This Sunday, many Americans will flock to a band of states in the western and southwestern continental United States to see an annular solar eclipse, a phenomenon that occurs only every eighteen years. National parks, planetariums and observatories will be hosting “viewing parties” to enjoy this rare occurrence.
During the eclipse, the new moon will pass between the sun and the Earth, obscuring most of the sun’s light but leaving behind a halo of light that astronomers call a “ring of fire.” Due to its elliptical orbit, the moon will be reaching its farthest point from the Earth during the upcoming eclipse, causing not a total eclipse, during which the moon blocks the majority of the sun’s light producing almost total darkness in the middle of the day, but what is called an annular eclipse, during which the moon blocks only 88% of the sun’s light.
A NASA image of an annular eclipse
As a result, it is extremely dangerous to look at an Annular eclipse, and the so-called “ring of fire” can cause permanent damage to the retina. Because the sky will look partially dark, a viewer’s eyes can comfortably focus on the sun during an annular eclipse. However, the lens of the eye will focus the sunlight on the retina, causing permanent burning and scarring. Since the retina has no pain receptors, the damage will be insidious but harmful nonetheless.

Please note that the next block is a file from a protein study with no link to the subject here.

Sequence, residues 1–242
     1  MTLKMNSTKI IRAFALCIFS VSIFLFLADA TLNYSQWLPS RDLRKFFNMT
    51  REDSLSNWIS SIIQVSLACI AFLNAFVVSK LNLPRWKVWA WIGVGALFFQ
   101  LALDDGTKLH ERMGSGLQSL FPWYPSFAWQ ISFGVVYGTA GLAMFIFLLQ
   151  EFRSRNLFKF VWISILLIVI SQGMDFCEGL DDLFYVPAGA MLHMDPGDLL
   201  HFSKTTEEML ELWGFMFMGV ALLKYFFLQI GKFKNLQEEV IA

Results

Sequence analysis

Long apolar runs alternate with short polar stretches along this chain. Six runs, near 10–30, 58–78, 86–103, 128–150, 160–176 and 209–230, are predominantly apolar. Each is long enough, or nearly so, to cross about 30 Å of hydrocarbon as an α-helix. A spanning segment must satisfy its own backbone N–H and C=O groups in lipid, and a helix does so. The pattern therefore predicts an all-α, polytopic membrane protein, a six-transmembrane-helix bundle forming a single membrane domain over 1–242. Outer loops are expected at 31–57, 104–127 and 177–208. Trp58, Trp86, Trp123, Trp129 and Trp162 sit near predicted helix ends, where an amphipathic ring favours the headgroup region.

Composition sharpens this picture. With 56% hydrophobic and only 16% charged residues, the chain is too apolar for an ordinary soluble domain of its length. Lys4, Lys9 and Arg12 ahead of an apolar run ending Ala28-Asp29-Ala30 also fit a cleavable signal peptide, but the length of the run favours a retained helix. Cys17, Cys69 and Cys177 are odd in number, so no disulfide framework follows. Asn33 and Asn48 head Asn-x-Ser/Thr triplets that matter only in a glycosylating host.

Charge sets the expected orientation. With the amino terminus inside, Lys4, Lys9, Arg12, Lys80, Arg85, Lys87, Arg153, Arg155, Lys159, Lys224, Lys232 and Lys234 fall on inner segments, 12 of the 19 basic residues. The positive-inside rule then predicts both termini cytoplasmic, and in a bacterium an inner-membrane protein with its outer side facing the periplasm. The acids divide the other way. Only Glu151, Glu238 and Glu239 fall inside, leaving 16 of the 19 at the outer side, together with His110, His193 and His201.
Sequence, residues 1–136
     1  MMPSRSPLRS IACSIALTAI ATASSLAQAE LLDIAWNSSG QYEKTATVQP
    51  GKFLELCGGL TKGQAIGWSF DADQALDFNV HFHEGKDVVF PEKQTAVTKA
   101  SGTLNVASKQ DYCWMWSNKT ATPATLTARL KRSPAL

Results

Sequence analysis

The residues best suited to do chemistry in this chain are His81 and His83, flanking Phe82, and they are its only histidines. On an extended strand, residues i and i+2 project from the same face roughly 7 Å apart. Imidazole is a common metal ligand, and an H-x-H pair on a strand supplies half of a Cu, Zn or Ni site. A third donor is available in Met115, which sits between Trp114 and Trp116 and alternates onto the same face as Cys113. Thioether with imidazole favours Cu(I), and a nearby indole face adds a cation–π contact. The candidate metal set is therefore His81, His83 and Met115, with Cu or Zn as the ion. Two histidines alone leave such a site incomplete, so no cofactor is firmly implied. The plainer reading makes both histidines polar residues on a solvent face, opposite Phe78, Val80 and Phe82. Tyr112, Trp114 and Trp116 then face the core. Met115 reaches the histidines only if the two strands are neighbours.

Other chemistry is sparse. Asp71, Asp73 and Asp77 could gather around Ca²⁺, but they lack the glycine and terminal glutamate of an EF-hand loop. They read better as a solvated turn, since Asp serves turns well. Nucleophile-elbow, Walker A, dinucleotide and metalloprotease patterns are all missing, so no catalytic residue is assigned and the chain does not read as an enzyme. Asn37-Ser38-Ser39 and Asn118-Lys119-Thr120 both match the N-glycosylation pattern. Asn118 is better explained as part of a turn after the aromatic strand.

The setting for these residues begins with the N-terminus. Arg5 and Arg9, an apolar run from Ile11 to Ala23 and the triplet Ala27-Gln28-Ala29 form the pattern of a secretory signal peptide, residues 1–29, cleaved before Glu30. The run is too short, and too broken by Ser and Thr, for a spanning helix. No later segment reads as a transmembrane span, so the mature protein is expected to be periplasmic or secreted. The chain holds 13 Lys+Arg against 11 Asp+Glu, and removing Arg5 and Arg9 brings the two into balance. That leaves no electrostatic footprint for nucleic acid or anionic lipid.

There are many ways to safely view the solar eclipse. You can create a pinhole camera using a shoe box, an exacto knife, a piece of aluminum foil, and a piece of white printer paper. You can also order eclipse-viewing goggles online from telescope manufacturers. Some hardware stores also self grade 14 welding glasses, which also allow you to protect your eyes while viewing the eclipse.
Unfortunately for Scarsdalians, the annular eclipse will only be visible in Asia, Canada, and a strip of states across the southwestern United States, beginning on the West Coast in Oregon and a majority of California, spanning southeastward across Reno, Nevada, the Grand Canyon, and Albuquerque, N.M., and ending at sunset near Lubbock, Texas.
However, most states, including parts of New York according to NASA, will likely see a partial eclipse, during which the moon will only partially obscure the sun, causing it to appear as a crescent.